Study Finds Only 17% of Elderly Adults Are Getting Right Level of Prescription Medications

Elderly Adults Getting Right Prescription Medications

Elderly Adults Getting Right Prescription MedicationsA challenge in maintaining a proper balance of prescription medications in elderly adults has been thrown into sharp focus with the results of a Belgian study suggesting that only 17% of seniors are receiving the right level of medication. The remaining 83% were either subject to prescription misuse (being prescribed the wrong drug) or underuse (being prescribed too little of a drug).

The study monitored 503 community-dwelling, elderly adults aged 80 or over for a period of 18 months. Of these patients, 58% were taking five or more medications for chronic health problems each day. Instances of underuse were observed in 67% of patients and misuse was seen in 56% of patients, with the two groups having some overlap. Only the above-mentioned 17% of patients, or about 85 patients, were both prescribed the right types of medicine and the right amounts.

During the 18 month period, each underused medication was associated with a 39% greater chance of death and a 26% increased chance of hospitalization. Misuse, to the researcher’s surprise, did not have a clear link to either outcome.

Proper prescribing for elderly patients is often harder compared to non-senior adults. This is because elderly adults are more likely to have multiple health conditions requiring prescription medications and their bodies are also more sensitive to the effects and side effects of drugs. This raises the health risks from both single-drug side effects and unwanted drug interactions.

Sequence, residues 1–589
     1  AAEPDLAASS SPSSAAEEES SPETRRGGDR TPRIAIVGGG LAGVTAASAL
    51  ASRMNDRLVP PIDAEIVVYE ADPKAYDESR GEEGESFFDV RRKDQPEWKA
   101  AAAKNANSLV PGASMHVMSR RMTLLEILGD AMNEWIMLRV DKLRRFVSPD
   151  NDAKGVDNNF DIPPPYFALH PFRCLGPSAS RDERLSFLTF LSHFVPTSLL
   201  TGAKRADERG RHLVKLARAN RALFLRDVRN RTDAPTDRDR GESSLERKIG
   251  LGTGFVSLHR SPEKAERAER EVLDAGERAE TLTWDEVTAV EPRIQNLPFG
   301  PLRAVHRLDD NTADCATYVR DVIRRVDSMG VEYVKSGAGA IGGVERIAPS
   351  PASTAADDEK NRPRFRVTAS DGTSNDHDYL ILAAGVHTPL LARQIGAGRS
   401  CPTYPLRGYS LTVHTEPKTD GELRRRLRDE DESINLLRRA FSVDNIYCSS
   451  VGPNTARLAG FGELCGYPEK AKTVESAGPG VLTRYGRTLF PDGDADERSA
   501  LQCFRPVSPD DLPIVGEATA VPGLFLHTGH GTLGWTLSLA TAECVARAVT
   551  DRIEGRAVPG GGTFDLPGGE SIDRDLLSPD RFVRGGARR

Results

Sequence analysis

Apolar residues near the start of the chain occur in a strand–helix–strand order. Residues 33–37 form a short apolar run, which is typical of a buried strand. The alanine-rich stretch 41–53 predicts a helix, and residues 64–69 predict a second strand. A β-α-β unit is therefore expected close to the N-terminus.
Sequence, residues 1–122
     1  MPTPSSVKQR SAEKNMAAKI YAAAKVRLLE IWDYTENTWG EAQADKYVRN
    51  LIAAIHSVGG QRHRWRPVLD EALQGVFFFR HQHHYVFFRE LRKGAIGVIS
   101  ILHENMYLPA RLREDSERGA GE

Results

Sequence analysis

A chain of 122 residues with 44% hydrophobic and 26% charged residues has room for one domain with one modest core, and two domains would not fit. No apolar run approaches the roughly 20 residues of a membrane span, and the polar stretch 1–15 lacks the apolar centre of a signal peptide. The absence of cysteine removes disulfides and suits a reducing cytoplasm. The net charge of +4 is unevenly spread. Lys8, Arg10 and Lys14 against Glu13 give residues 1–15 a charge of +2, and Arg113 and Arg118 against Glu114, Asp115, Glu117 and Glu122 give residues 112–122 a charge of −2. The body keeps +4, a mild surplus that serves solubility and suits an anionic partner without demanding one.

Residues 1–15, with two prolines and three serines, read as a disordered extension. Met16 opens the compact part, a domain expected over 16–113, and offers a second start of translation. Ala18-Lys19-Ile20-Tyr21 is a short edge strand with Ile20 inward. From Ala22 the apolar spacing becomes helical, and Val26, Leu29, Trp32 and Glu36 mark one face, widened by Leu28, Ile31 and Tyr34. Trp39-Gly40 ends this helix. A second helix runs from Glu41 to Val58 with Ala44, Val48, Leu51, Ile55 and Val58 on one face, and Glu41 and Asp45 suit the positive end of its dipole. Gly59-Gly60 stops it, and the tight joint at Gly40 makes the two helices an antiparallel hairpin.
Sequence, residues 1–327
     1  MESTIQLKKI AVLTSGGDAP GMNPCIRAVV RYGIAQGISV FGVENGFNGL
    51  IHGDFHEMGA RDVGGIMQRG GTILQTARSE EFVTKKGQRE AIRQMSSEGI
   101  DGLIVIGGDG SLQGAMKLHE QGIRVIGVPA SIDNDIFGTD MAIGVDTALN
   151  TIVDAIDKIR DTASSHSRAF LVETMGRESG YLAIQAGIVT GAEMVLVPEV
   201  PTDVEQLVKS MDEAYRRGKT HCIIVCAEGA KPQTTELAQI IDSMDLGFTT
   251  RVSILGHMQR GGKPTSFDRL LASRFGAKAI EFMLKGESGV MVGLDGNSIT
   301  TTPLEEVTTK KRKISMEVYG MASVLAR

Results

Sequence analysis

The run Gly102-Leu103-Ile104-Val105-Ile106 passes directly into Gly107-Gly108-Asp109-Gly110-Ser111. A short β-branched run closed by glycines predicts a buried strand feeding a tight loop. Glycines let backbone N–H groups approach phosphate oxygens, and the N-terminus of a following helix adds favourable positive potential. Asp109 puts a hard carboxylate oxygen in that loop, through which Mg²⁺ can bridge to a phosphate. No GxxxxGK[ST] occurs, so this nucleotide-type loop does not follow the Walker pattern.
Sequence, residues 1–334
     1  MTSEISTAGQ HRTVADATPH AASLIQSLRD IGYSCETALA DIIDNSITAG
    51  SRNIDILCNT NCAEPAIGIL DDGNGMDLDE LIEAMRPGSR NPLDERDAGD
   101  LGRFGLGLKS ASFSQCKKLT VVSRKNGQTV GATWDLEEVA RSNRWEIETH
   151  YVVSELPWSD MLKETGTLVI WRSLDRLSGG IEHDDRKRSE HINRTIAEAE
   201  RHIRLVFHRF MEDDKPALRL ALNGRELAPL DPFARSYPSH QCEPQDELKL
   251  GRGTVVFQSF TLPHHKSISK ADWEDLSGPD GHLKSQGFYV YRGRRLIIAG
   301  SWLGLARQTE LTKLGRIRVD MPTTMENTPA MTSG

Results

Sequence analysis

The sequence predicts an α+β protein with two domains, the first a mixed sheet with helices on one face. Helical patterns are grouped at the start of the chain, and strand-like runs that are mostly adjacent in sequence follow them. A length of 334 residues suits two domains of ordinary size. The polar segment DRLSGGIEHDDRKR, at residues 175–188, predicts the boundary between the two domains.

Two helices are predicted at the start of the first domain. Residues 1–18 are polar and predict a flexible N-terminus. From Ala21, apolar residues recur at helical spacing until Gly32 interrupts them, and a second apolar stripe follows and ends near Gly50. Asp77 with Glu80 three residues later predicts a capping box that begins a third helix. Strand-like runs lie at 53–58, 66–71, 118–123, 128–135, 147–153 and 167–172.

The study authors suggest that prescribers make use of clinical pharmacologists for consulting on prescription medications for elderly adults since this can make it easier to understand when a prescription misuse or underuse is likely to occur. A stronger focus on evidence-based medicine as opposed to prescriptions being done by habit or rote may also help.

Figures for prescription overuse were not covered in the study, which was published in the British Journal of Clinical Pharmacology.

Wauters, M., et. al., “Too many, too few, or too unsafe? Impact of inappropriate prescribing on mortality, and hospitalisation in a cohort of community-dwelling oldest old,” British Journal of Clinical Pharmacology, 2016; 10.1111/bcp.13055.